Gas vehicle vs. electric vehicle: Vancouver to Calgary road trip
Charging stations make cross-country travel possible for skeptics like Darryl Gates
Posted by Blaine Kyllo
Traveling the Trans-Canada Highway, it's some 1,000 kilometres between Vancouver and Calgary. The route crosses the farm land of the Fraser Valley, the jagged Rocky Mountains, and the rolling foothills of western Alberta. Opting for the speedier Coquihalla bypass or the scenery of the Okanagan orchards only adds to the experience.
I've made the drive between the two cities more times than I can count, and every time I've made the trip in a gas-powered vehicle. My most recent expedition was this July with my family in our Honda Pilot. Depending on the size of the tank and the particular efficiency of the car you're driving, you can make the trip only needing to stop once or twice to fill up the tank.
If you're Darryl Gates, you don't need to stop at a gas station at all.
Introducing the electric vehicle
Gates drives a Tesla Model S. It's his first new car.
"I've always really hated cars," Gates told me during an interview earlier this year. "They are dirty and they burn gasoline and they tend to break down and take a lot of maintenance. An internal combustion engine is a horrendously complex hack of a solution to provide propulsion to a vehicle."
For Gates, cars were simply tools for transportation. He'd buy cheap, used cars and drive them until they broke and then he'd buy another cheap, used car.
"And then I saw this car on a trip to Bellevue, Washington," he said, referring to the Model S. He went into the Tesla dealership and spent hours talking about Tesla vehicles. "I couldn't get it out of my head," he said. Six months later, his black Model S was ready for delivery.
How to travel to Calgary
When Gates was asked to be best man at a wedding in Banff, Alberta, his first thought was to simply fly to Calgary, rent a car to go to the wedding, then fly home. He'd done the drive between the west coast and Alberta before, and it wasn't something he'd been interested in repeating.
Then he became the owner of a Model S. "Many people think an electric vehicle limits your ability to go on a road trip," he says, "but in our case it was the reason we took one."
Gates and his family were at the wedding, of course, but they also visited a number of communities in B.C., and took the opportunity to explore dinosaurs in Southern Alberta.
Gas versus electric
On the way to Calgary from Vancouver, Gates stopped to charge his Tesla five times: Hope, Chase, Sicamous, Golden, and Canmore. Total cost: zero dollars.
By comparison, my family stopped to gas up twice, in Merritt and Revelstoke, at a cost of over $125.
It's true that the Gates family had to find ways to occupy themselves when the Tesla was charging, because it can take longer to fill a battery bank with electricity than a tank with gas. At Hope they had a meal and played soccer in the park for a while. A fruit stand in Chase that was equipped with two charging stations provided an opportunity for an ice cream treat. And the Sicamous stop was for the night.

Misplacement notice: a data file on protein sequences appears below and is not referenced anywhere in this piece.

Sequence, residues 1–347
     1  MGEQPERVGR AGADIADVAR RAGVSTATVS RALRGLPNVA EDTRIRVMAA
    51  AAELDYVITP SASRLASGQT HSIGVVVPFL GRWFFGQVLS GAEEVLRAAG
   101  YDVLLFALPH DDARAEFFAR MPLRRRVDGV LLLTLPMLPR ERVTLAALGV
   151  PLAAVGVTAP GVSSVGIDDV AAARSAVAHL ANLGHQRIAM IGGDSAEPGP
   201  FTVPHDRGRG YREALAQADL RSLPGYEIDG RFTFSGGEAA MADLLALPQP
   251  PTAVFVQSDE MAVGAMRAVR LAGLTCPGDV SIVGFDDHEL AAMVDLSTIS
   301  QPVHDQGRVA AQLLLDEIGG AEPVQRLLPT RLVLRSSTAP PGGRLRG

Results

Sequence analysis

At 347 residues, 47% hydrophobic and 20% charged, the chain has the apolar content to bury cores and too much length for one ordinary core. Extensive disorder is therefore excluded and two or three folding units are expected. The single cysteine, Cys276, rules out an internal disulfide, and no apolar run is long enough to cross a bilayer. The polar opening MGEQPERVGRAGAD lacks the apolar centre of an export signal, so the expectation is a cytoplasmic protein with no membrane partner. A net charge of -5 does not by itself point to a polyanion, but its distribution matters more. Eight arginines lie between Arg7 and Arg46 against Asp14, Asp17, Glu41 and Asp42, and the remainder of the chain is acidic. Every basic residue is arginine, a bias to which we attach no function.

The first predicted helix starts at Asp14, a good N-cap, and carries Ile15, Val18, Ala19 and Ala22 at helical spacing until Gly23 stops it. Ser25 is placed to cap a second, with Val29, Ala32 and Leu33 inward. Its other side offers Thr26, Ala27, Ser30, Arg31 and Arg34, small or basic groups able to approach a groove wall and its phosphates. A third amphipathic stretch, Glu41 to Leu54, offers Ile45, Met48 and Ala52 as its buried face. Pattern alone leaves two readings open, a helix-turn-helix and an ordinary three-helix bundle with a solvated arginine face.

My family stopped, too. For breakfast in Merritt, where we also filled up, and at Revelstoke, where we camped for the night just north of the Revelstoke Dam.
Gates may have stopped a couple of extra times for a couple of extra hours in total, but he saved more than $100 on the trip to Calgary by driving an electric vehicle. It's simply a matter of planning ahead, and making the most of the charging time. On the route back to Vancouver, Gates and his family enjoyed a swim in a community pool while the Model S charged up in Golden. Can you think of a better way to spend a hot summer afternoon?
Planning the road trip route ahead of time; PlugShare helps
Like any road trip, Gates planned his route ahead of time. Using PlugShare made it easy for him to see where there were charging stations. PlugShare shows stations on a map and is even able to let you know which stations are in use.
In some places there are few options. When in Alberta, Gates and his family visited the Tyrell Musem and Dinosaur Provincial Park, and there is only one charging station between the eastern outskirts of Calgary and Medicine Hat, about 300 km away. It's at the Ramada Hotel in Brooks, which is where Gates decided to stay for the night. "We phoned ahead to make sure there really was a charging station," he said on the phone. "They were quite excited to have somebody come use the charger."
More high power stations planned for the Vancouver-Calgary route
Not all charging stations are the same, and in taking an alternate route for the return trip to Vancouver, Gates was surprised to learn that the fastest charger he came across was in Princeton, B.C. It wasn't normally a place he would have stopped, and he was charmed by the small, mountain town. "We got to see stuff we'd never seen before," he said.
High power charging stations would have really cut down on the amount of time Gates and his family had to wait to charge their Tesla. The automobile manufacturer just opened a SuperCharger station in Squamish, at the Garibaldi Village Shopping Centre, and expects to have the entire route to Calgary covered with SuperCharger stations by the end of the year. When that happens, says Gates, it'll be possible to do the drive in one day, because the Tesla charging stations can get the cars to 80 per cent of capacity in about 30 minutes.
Gates said he used to prefer flying when he needed to travel to Calgary. Now that he's done the trip in his Tesla Model S, he's not sure about that anymore.
Blaine Kyllo is a Vancouver-based writer and frequent contributor to bchydro.com.